Coin News

Volume 43, Number 12, December 2006

Ignorance isn't bliss

Volume 43, Number 12, December 2006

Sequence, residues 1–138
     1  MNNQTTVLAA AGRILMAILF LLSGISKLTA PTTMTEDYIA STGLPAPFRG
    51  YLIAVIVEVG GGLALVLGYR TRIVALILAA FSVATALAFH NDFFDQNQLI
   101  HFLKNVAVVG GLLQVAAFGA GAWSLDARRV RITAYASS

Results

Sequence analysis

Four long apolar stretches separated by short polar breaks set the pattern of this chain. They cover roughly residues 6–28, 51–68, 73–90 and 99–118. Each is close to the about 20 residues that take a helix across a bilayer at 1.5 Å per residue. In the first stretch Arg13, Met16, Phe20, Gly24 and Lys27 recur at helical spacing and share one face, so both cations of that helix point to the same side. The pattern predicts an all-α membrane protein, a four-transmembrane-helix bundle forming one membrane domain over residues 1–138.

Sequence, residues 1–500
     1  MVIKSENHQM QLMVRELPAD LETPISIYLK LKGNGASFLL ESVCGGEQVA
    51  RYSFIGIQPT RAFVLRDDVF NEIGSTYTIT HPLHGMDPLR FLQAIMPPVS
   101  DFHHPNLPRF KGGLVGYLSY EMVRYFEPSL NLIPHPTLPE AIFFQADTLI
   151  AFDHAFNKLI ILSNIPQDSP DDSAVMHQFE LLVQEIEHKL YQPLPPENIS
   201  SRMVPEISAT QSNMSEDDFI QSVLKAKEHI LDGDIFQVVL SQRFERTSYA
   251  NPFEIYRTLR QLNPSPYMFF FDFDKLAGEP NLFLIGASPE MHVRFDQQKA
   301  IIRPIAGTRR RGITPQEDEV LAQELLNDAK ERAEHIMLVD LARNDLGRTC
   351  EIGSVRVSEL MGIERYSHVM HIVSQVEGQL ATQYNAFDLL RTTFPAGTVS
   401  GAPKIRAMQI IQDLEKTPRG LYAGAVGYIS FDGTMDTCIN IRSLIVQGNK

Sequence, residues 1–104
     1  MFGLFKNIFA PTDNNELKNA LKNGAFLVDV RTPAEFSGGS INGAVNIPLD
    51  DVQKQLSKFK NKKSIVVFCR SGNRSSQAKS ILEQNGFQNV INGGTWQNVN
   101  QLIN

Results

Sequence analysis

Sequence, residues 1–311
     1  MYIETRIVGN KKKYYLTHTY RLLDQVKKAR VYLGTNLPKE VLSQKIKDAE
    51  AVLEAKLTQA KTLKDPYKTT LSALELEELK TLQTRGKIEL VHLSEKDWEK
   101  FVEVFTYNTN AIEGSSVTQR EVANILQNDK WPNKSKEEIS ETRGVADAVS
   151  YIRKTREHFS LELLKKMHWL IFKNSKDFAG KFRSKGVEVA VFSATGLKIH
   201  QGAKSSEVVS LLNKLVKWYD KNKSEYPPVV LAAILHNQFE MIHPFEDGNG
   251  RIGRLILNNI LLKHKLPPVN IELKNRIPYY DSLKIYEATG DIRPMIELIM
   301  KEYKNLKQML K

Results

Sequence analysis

A recent ruling at Croydon Crown Court has implications for all of us involved in numismatics. In short some dies, in this case those once used to mint certain Hong Kong coins, were being offered for sale through an internet auction site; it transpires that in fact this practice is actually illegal and a prosecution was brought by the Royal Mint against the vendor, in this case a well established and respected coin dealer but it could just have easily been a member of the public, an “ordinary collector”. Now the fact is that the vendor was indeed “in the wrong”, in as much that ignorance of the law is no defence, however if you ask 99% of dealers or collectors whether they knew that the owning of dies was illegal then I can guarantee that they would be as gobsmacked as I was when told of this. I, and most of the others in the trade I have spoken to were not aware that despite dies being regularly offered for sale in other parts of the world (particularly in the U.S) to own one used by the Royal Mint, either for British or Foreign coinage, is in fact illegal. The fact is it isn’t just dies that are illegal to own – the Forgery and Counterfeiting act of 1981 makes it perfectly clear that the possession of instruments that might be used for counterfeiting is illegal - so in effect that would include any dies, tools, plasters etc. indeed anything that could be used to make coins. Now it must be emphasised that in this case the vendor was not attempting to strike coins from these dies, they were in fact damaged and could not have been used, however that was not the issue, the very fact that they were owned at all was the problem – but that begs some very important questions, ones we must ask before someone else is caught out doing something that they had no idea was against the law. The purpose of my raising these questions now is not to pass judgement on either the Mint for bringing the prosecution nor the dealer for owning the dies in the first place but rather to ensure that this doesn’t happen again – none of us wish to break the law but as was seen recently the fact that we don’t know if something is illegal or not won’t help our case. The first question that needs to be addressed is one is one of common sense – were any of us to be offered a die for a decimal coin, a coin still in circulation today I suspect very few of us wouldn’t doubt the legality of the situation. However what if we were offered dies of coins from the time of Queen Victoria? Or of a pre-independence Commonwealth country or former colony? Would we then be so ready to reject them? Maybe not but it seems we should, any coinage die, at least those of the Royal Mint or it’s subsidiaries (and that includes any mints that sub-contracted from the Royal Mint – as had been the case with the dies in the recent court case) should not be in the hands of anyone who does not have the due authority to own it (in general this means in private hands, museums an such like usually being exempt). The second question relates to the restriking of coins in the first place – most coin collectors would, I suspect, balk at the idea of restriking any coins, seeing the results as little more than forgeries, even if sold as restrikes, however anyone with any knowledge of the Soho Mint of the mid 19th century will have heard of how medallist W. J. Taylor bought up dies for scrap value and proceeded to restrike certain coins from those dies, “coins” that are now quite eagerly sought after! There is it seems a place in some collections for such coinage, even if the majority of us would be horrified by such things! With this in mind should restrikes ever be sanctioned? Should there be a change in the law to allow such things? After all there is a precedent! I suspect the answer will be a resounding no but it’s worth asking. Of course this case had nothing to do with the actual coins themselves simply ownership of coining materials – which brings me to the third question, that of dies that are seen as antiquities rather than anything else – what of dies, should any of us be lucky enough to come across them, of the middle ages, of medieval times? Do they fall under this same banner of illegality? It seems that yes they do. Initially it was thought that only dies of coins post the re-coinage of 1816 would come under this ruling but it appears that any die, of any era is affected. Of course in practice the older the die the less likelihood of any action being taken but the fact remains that any collector in possession of any die that has been used to strike a British coin, or a coin struck on behalf of another nation by the Royal Mint, is breaking the law – and that’s something we should all be aware of. Personally I feel that the law is there for a reason and whilst it is a great shame that these pieces of numismatic history can never legitimately find their way into collections I do understand the theory behind it – after all they may be in a collection of a passionate numismatist today but tomorrow they could well fall into less scrupulous hands. The law is the law and must be upheld – what a shame though that that same law that prevents bona fide pieces of numismatica being privately owned can do nothing about the plethora of “replicas” that abound at the moment. Sadly it seems it is fine to make your own dies and strike coins that can and do deceive but to own original dies with no intention of striking coins is not tolerated. It’s a mixed up world sometimes!

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